One such person to do so was Hamish James Silva, a junior communication studies major and transgender man. He performed a monologue about his journey being transgender and the implications that come with being a transgender man who has a vagina.
“I was going to do a piece that was already prewritten, but they wanted me to do something individual to me because there was no piece written like that because no one’s had my experience, just like no one’s had anyone else’s experience. Mine was even more of a snowflake,” Silva said. “There was a lot that I wanted to go into, but I didn’t want it to be sad or super edgy or ‘everything sucks because I’m trans,’ because that’s not true. I’m pretty funny and I have a lot going on in my life, so I wanted to reflect that, and it just so happens I have a vagina.”
Another performer, who wishes to remain anonymous, shared the story of her rape when she was a young teenager; it was the first time she shared her story in its entirety to a large group of people. She wanted to emphasize the problem of victim blaming, and how that kept her silent about her experience for so long.
“I feel better overall for writing it and saying it. People need to understand that the victims are never at fault and if you look at the numbers and statistics, it’s shocking,” she said. “Even while I was speaking, two people had to leave the room, so more than likely if you’re talking about issues surrounding [rape], you’re going to find people that have been through the same thing or similar things.”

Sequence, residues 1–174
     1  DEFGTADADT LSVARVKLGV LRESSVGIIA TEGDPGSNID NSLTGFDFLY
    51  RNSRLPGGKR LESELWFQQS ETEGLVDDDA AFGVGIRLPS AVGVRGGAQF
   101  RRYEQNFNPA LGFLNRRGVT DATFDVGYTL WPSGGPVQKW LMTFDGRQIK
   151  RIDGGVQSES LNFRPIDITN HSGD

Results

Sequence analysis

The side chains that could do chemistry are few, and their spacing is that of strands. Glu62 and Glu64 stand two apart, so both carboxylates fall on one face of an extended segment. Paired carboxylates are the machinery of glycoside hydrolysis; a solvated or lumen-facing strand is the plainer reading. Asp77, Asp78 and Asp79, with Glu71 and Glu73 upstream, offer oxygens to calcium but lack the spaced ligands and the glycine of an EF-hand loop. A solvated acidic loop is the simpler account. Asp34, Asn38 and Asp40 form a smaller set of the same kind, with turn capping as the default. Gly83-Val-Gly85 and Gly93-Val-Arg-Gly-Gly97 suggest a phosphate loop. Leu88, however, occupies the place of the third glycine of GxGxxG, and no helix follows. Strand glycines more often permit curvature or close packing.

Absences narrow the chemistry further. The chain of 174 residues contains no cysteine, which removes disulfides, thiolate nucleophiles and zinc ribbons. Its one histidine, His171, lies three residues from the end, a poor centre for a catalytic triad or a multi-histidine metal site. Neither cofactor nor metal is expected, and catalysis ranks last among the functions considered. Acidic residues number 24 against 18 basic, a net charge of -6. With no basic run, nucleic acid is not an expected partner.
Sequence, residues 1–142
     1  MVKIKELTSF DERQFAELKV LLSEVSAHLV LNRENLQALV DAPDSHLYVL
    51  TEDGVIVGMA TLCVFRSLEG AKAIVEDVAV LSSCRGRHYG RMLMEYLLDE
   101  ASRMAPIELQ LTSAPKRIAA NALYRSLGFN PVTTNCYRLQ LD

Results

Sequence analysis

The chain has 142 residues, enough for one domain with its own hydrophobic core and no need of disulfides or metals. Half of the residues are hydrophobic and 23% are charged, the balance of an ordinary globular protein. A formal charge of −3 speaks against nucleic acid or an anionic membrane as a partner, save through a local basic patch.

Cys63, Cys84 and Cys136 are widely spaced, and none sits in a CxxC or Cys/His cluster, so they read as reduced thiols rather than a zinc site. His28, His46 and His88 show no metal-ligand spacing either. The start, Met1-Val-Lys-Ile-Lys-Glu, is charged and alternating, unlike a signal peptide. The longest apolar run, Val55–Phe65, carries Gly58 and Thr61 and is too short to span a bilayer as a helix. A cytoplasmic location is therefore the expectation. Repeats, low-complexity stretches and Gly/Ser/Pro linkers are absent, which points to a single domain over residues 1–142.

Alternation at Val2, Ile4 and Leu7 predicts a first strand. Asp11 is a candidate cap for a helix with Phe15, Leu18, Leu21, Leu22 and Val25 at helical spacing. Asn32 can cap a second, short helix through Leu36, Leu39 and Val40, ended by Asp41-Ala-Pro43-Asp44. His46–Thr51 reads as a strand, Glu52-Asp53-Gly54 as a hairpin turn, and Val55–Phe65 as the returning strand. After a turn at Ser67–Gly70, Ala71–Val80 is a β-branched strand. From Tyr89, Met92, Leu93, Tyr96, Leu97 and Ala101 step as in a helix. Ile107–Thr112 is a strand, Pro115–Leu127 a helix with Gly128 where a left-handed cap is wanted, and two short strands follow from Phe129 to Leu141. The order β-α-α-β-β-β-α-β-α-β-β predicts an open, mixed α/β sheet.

The audience, made up of mostly women with some men, was receptive to the stories that were shared. Each monologue was met with applause, and some even received snaps of approval as the performer was speaking.
Sophomore biology major Lena Donato was happy to hear the diverse stories, many of which she connected with.
“As a very sexual female, I know it’s difficult to be a very sexual female without being immediately put into a certain box,” Donato said. “I think it’s very important to talk about female sexuality and everything that comes with that.”
Hanna Dietrich, a sophomore biomedical engineering major, is very involved in the Women’s Center and enjoyed seeing a show like this performed at her school.
“I liked how they did a lot of work by Eve Ensler but they also added their own monologues,” Dietrich said. “Stories like this aren’t always told and if you don’t share them, people live their whole lives without knowing about them.
“It’s also important to share them for the people who are like, ‘Wow, I’m not the only one who’s gone through that experience.’ It provides a sense of community.”
That community and support system is essentially why “The Vagina Monologues” was written, and why it still gets produced to this day. For Longo, that was one of the most important aspects of performing the show.
“You never know who’s going to be in the audience. I think with a lot of these pieces, there could be someone in the audience who hears a piece and it moves something in them,” Longo said. “I think even if we hit one person who doesn’t feel alone anymore, that other people feel like this, then we did our job right.”